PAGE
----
The Federal Highway Administration (FHWA), with the assistance of 24 state transportation agencies, filed a report to the House Committee on Appropriations late last month indicating that environmental costs represent up to 8% of a project's total, while there is an effort underway to better track these figures.
FHWA case study research identified four states--Maryland, Montana, Oregon and Washington--as currently having experience with extensive environmental cost tracking. For a variety of reasons, such as lack of resources, differentiating between environmental and non-environmental costs, unique geography and project specifics, states question the benefits of tracking environmental costs. The administration and states, however, are working to track environmental costs for better program accountability, project estimating, policy and decision making, the FHWA report said.
Because FHWA found only limited environmental costs data, the administration cautioned congress that the results contained in the report were limited. The information presented to the House committee was derived from research conduced by the FHWA in 2005-2006 in a report titled "Costs Related to Compliance with Federal Environmental Laws: Case Studies in the Federal-aid Highway Program."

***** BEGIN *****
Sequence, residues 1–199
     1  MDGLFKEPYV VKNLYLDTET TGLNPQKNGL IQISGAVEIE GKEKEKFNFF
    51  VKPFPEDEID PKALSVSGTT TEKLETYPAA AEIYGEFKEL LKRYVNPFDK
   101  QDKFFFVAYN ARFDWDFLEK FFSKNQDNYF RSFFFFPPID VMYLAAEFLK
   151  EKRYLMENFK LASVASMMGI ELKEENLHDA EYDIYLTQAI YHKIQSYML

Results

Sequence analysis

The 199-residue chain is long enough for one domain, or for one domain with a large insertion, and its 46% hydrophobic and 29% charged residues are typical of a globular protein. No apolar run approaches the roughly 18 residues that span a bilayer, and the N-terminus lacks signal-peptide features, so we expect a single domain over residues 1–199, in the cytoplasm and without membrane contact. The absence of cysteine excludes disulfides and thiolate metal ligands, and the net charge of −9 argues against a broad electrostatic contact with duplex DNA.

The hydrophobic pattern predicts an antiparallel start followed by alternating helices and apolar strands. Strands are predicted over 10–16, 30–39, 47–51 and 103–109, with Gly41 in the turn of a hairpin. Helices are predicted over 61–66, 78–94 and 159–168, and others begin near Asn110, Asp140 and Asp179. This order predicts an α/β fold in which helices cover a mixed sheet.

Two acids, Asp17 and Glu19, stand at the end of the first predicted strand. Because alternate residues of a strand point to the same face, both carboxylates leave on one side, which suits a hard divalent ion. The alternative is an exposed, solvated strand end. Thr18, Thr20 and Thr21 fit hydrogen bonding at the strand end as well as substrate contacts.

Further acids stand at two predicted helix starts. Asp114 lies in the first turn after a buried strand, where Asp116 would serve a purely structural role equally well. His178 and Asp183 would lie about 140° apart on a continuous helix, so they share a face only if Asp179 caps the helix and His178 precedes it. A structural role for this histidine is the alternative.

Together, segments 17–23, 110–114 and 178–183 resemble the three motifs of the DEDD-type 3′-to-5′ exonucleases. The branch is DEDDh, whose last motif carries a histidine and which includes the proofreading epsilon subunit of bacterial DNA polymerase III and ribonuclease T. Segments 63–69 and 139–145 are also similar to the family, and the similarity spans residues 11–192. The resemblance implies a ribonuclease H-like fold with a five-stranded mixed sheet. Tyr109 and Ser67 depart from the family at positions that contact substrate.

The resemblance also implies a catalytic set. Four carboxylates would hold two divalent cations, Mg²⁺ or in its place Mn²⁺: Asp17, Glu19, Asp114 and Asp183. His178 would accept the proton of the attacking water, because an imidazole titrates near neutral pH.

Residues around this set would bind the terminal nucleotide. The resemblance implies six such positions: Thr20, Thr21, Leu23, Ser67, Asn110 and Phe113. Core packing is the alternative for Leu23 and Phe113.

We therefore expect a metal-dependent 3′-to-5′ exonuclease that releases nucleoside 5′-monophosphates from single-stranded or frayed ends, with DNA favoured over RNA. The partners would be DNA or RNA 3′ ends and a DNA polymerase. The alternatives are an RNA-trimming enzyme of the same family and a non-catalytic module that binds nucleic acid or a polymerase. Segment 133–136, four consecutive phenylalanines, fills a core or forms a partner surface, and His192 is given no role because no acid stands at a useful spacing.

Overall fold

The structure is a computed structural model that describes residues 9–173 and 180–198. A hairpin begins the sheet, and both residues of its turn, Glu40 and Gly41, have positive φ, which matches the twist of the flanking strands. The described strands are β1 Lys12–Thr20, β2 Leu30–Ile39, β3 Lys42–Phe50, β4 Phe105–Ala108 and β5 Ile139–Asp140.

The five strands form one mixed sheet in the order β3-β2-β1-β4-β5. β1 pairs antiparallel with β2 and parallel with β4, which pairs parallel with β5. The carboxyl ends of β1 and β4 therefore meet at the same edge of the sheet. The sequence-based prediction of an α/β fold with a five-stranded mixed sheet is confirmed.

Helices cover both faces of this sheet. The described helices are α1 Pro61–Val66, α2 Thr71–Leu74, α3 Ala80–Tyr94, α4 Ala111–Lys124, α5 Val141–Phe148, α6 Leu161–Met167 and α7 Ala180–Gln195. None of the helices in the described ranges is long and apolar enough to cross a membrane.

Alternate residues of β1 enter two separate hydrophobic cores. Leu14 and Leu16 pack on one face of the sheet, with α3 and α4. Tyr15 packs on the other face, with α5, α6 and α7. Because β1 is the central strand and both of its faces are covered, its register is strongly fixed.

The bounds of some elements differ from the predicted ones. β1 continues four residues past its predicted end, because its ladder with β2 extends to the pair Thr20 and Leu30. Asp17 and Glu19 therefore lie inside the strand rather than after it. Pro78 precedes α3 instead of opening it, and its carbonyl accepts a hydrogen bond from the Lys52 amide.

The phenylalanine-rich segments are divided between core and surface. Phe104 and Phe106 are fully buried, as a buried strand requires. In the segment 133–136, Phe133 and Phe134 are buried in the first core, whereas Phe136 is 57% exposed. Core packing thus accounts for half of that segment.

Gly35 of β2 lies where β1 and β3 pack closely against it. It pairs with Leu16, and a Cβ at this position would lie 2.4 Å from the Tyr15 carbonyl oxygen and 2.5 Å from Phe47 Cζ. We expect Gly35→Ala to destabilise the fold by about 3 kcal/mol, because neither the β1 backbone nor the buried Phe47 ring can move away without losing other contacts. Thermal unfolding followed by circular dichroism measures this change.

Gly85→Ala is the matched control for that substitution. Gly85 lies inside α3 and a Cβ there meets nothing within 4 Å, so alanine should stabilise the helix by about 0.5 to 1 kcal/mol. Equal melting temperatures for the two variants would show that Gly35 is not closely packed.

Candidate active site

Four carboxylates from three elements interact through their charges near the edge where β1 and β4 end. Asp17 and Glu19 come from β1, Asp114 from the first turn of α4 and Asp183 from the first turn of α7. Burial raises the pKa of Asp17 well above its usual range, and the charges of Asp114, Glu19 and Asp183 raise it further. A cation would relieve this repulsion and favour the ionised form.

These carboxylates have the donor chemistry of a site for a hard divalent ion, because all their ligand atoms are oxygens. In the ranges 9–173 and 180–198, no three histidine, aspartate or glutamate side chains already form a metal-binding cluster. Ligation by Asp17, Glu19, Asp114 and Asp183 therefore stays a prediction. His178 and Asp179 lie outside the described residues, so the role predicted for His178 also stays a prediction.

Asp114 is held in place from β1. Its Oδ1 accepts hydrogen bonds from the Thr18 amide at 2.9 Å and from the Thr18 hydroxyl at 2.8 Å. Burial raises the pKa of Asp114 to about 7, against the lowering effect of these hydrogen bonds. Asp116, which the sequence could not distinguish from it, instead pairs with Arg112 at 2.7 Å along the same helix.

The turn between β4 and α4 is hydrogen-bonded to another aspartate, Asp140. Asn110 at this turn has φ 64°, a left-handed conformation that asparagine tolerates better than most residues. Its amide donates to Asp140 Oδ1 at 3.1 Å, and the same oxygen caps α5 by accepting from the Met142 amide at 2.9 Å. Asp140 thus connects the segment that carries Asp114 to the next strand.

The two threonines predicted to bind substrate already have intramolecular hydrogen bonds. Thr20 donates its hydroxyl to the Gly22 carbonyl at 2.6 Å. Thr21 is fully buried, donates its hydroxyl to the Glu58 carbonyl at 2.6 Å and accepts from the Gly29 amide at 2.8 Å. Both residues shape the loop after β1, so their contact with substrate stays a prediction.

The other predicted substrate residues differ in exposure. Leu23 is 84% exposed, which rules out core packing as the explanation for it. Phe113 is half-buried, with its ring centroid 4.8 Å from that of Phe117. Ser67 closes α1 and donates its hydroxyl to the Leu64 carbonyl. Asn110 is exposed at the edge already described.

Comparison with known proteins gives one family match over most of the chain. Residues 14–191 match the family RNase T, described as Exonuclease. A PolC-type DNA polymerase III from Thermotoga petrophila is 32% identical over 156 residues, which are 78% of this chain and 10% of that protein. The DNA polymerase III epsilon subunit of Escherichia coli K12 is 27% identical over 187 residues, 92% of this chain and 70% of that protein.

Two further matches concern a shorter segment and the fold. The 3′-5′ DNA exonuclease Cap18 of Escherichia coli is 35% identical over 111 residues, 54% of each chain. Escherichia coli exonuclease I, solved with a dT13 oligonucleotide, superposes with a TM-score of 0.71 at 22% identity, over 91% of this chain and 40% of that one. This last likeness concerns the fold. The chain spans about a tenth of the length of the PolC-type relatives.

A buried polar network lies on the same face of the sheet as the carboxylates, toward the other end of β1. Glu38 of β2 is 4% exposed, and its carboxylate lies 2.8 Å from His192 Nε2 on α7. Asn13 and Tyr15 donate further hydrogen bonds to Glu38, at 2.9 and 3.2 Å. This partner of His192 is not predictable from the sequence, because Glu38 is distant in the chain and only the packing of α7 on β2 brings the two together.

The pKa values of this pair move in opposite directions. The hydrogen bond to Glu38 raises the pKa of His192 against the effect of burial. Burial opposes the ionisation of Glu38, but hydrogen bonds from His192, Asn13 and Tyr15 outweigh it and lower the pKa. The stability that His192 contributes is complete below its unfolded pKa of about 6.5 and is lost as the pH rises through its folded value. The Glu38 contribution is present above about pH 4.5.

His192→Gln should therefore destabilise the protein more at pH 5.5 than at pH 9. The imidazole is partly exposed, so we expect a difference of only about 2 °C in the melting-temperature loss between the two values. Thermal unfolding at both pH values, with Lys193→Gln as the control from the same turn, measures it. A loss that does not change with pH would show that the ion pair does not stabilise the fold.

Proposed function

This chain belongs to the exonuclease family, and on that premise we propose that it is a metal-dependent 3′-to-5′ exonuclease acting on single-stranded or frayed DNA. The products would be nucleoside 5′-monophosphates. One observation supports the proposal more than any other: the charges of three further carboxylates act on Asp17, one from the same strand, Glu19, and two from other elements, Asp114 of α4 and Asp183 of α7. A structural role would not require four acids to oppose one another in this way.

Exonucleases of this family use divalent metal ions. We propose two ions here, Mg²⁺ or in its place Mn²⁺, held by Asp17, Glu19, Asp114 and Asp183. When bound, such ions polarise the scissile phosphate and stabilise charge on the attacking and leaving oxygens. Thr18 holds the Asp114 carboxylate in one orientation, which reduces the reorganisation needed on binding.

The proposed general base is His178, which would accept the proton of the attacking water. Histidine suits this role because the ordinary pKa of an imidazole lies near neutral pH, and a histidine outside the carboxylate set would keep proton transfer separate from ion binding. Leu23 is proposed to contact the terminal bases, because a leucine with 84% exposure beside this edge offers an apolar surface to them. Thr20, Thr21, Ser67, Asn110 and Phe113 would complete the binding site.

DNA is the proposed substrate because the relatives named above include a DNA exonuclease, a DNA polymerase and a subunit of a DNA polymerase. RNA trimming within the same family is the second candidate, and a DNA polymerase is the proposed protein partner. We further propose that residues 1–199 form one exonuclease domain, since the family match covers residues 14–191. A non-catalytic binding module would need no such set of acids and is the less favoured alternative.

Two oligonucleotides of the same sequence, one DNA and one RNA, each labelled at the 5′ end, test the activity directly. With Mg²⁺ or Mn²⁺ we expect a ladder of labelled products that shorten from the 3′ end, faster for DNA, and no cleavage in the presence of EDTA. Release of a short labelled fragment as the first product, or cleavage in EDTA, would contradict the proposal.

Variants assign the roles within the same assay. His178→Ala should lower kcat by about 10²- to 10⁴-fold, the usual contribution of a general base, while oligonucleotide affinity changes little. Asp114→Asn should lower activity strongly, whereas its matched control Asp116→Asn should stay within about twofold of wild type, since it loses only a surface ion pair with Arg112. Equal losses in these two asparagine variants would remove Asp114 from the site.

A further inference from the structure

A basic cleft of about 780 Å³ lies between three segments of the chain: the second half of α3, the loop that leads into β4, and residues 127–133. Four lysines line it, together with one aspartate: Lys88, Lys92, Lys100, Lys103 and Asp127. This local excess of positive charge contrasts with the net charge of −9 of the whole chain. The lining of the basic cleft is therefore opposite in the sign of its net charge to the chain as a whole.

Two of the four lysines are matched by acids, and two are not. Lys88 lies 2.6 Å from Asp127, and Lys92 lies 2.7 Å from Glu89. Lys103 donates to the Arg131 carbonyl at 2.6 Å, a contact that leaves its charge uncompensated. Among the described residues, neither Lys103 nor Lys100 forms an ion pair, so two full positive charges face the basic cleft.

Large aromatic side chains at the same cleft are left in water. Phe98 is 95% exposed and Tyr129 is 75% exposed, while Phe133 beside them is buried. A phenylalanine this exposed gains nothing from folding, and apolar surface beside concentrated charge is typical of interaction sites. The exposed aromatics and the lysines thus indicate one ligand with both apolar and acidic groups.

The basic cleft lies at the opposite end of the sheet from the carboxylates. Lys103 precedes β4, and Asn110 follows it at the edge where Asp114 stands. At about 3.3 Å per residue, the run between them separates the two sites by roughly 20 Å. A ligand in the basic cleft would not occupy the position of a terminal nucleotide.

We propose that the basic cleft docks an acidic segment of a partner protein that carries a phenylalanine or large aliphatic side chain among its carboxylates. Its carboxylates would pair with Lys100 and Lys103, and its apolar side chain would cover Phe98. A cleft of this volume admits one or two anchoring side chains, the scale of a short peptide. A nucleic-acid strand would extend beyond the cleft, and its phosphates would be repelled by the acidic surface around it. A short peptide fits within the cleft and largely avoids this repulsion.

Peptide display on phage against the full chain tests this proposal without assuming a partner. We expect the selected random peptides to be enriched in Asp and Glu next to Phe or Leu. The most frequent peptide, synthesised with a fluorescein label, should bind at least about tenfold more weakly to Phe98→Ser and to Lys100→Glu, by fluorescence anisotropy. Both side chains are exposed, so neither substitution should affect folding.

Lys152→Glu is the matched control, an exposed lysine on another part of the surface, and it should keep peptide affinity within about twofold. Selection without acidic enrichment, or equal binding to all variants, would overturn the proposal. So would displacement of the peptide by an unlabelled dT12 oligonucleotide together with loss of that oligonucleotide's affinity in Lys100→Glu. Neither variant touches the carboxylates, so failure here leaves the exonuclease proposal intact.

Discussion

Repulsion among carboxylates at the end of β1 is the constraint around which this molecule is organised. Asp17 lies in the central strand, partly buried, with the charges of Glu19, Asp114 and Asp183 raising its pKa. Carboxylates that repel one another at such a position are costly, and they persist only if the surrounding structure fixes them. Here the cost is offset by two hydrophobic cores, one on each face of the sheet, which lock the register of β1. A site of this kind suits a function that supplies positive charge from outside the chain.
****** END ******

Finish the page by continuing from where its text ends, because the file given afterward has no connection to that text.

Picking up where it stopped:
FHWA looked at six projects in Maryland, Montana, New Jersey, Oregon, Utah and Washington. In the report's summary, FHWA found environmental review and design accounted for 23% of projects' costs; land acquisition 18%; construction engineering 5%; and construction 4%.
Federal-aid highway projects have to satisfy National Environmental Policy Act guidelines, as well as the following major laws and Executive Orders:
• Endangered Species Act of 1973, as amended, Title 16, U.S. Code, Section 1531;
• National Historic Preservation Act of 1966, as amended, Title 16, U.S. Code Section 470;
• Clean Water Act of 1977, as amended, Title 33, U.S. Code, Section 1251;
• Department of Transportation Act of 1966, as amended, Title 49, U.S. Code, Section 1563(f), as codified in Title 49, U.S. Code, Section 303 and commonly known as 4(f);
• Fish and Wildlife Coordination Act, Title 16, U.S. Code, Sections 661-666(C); and
• Title VI of the Civil Rights Act of 1964, Title 42, U.S. Code, Section 2000(d).
Other applicable laws and Executive Orders may be found at the FHWA website under the titles "Ecological: An Ecosystem Approach to Developing Infrastructure Projects"; Summary of Environmental Legislation Affecting Transportation"; and, "Federal Environmental Laws and Executive Orders Applicable to the Development and Review of Transportation Infrastructure Projects.